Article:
I’d estimate at least half of the game’s story scenes are taken up by deep-in-the-weeds theorizing about the history of the Death Stranding, or the metaphysical properties of BBs, or some other esoteric minutiae that doesn’t really affect anything. It’s as if Kojima barfed up an encyclopedia of background material for his apocalyptic fanfic before worrying if anyone was interested in the original story.
Despite all that explaining, the world of Death Stranding never feels cohesive. There’s a strong sense that the writers are making this up as they go, forming a patchwork quilt of scientific-sounding magic that holds together only if you don’t look at it too closely. Even in the run-up to the game’s conclusion, characters are still introducing entirely new theoretical concepts that seem to come completely out of nowhere. Meanwhile, bits that are obviously intended to serve as mysterious twists fall flat thanks to horrible telegraphing and seemingly clueless characters.
Without spoiling anything, I’ll note that Death Stranding’s ending is more or less a two-hour cut scene that tries to explain how the preceding 30+ hours are actually supposed to fit together… yet I still came away scratching my head about what the hell happened.
Help me, Sam Kenobi, you’re my only hope
Into this whole mess drops Sam Porter, a stoic and largely blank-slate courier who serves as the player avatar (we’ll get to talking about the gameplay soon, I swear). Sam can sense BTs and “repatriate” if he dies, so the dying president of the United States begs him to crisscross the country connecting cities in an Internet, but also magic, chiral network called the United Cities of America. Also, if he could deliver some packages along the way and save the president’s daughter who has been captured by terrorists on the West Coast, that would be grand. Thanks!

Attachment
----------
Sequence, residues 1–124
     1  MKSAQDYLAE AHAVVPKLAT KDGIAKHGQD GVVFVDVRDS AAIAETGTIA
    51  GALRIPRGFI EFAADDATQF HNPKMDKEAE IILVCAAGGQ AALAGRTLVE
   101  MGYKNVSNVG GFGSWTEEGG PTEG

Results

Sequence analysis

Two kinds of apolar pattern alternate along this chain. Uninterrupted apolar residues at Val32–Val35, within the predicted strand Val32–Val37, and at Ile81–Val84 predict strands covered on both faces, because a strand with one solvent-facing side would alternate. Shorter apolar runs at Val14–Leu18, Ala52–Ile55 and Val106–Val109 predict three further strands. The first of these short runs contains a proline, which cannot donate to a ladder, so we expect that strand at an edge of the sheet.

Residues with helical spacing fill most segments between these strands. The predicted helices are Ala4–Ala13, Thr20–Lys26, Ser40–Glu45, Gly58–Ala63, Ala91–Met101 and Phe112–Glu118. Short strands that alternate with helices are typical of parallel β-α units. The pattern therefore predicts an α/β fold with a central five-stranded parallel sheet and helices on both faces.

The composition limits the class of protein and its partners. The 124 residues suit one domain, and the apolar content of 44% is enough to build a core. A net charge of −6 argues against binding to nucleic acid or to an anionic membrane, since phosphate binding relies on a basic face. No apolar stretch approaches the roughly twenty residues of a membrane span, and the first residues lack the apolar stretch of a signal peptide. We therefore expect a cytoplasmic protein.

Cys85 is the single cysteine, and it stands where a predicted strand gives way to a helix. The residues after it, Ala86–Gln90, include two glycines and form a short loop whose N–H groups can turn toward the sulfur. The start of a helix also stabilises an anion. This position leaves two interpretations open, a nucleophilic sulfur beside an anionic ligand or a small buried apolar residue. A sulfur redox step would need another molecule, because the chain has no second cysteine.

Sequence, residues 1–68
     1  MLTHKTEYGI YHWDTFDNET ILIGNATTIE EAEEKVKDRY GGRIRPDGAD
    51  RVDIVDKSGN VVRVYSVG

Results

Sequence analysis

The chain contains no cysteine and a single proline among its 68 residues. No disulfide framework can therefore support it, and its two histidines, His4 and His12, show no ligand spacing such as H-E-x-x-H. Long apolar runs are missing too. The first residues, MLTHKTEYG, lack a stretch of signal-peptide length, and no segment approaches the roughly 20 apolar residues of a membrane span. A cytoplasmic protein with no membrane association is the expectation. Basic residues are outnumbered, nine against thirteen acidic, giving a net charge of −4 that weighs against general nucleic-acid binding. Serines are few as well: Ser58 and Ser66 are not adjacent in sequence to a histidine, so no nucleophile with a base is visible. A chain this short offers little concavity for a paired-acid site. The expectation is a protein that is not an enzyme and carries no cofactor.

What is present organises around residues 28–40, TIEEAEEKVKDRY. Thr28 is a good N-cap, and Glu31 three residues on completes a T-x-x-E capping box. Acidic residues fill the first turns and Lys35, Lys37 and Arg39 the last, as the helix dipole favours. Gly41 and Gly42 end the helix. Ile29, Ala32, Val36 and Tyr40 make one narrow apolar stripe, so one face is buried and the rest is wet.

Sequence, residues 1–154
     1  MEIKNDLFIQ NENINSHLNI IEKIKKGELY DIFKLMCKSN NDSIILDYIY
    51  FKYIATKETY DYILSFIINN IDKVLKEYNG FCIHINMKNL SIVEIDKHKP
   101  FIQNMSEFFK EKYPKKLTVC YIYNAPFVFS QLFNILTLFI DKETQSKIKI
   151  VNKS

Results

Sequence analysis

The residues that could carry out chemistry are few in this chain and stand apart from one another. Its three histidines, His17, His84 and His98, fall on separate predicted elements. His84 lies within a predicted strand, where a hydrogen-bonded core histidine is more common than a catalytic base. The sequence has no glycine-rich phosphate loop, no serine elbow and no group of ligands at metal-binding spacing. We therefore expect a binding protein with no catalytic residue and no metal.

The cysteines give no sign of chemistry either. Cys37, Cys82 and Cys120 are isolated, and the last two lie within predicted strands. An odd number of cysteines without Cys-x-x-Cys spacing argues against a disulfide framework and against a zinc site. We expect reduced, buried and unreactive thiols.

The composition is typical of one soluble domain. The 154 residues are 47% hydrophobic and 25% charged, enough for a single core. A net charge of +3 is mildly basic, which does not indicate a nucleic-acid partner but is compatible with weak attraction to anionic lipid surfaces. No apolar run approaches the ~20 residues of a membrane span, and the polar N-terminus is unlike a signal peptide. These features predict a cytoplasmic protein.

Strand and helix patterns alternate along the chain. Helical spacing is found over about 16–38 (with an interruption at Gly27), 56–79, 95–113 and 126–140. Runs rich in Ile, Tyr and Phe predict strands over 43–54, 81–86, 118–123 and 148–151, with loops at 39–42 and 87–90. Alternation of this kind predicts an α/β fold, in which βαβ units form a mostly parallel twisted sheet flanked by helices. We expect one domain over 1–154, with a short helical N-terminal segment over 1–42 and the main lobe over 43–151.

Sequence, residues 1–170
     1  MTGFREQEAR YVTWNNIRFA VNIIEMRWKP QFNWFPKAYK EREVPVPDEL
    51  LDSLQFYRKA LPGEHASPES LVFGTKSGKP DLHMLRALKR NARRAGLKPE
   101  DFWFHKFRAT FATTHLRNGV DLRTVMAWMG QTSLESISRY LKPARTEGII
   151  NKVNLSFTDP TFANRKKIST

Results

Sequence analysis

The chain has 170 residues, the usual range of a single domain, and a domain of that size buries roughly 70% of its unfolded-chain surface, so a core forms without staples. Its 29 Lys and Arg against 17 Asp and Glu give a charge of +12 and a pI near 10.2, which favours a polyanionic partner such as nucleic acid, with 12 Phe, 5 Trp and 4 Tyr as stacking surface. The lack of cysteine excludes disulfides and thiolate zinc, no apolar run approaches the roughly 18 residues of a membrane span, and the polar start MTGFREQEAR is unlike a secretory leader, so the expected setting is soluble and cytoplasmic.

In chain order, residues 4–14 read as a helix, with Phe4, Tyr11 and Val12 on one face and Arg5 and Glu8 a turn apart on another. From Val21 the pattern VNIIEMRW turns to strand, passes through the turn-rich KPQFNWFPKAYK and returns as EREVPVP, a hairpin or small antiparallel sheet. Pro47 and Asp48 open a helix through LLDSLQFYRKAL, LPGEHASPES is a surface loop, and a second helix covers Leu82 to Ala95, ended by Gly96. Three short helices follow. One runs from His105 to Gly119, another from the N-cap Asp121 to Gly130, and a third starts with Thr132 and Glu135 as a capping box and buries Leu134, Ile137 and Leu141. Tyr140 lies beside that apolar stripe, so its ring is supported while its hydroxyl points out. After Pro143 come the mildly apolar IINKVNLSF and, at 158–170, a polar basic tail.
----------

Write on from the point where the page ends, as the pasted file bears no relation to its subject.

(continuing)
While the game goes deep on its mystical technobabble, it seems remarkably unconcerned with the interesting questions of how society or government actually functions in this post-apocalyptic world. There’s a president, but she seems to serve as a cult-of-personality totem more than a real leader with power. We never get to see inside these shining KNOTs on a hill, which somehow seem able to operate with some extremely advanced technology despite the destruction of all existing infrastructure. We also don’t get to see inside the homes of the scattered preppers who somehow rode out the post-Death Stranding world outside of the KNOTs.
Instead of holding up a twisted mirror to society, Kojima uses his sci-fi future as a means to let his characters pontificate in extremely direct and unsubtle grand philosophical statements, full of dramatic imagery and botched attempts at symbolism (and occasional memorable imagery). Most of these focus on the need for human connection, a blunt “we live in a society” statement writ large.
“If we don’t come together again, humanity will not survive,” the president says in one characteristically unsubtle statement of the game’s core thesis. “Humans aren’t made to be alone,” another character says at one point, as if it was the most profound thing in the world. “They’re supposed to come together. To help one another.”
The voice and motion capture cast does its best to give this material some life, soldiering on through countless “tell don’t show” diatribes that often focus on their characters’ own out-of-nowhere sci-fi powers. But there’s very little real human drama for the cast to hang their hats on; they’re dealing with an excess of unnatural dialogue to fight through. When the game does attempt to dive into a character’s backstory or motivations, the result is almost always ridiculously overwrought, complete with swelling musical cues that try their best to evoke utterly unearned emotion through ridiculous circumstance.
If you don’t think about it too hard, perhaps you can let the contrived pseudoscientific theories, pop philosophy, and overly direct symbolism wash over you. But if you’re hoping for a coherent, well-told plot full of relatable characters, you have to look elsewhere.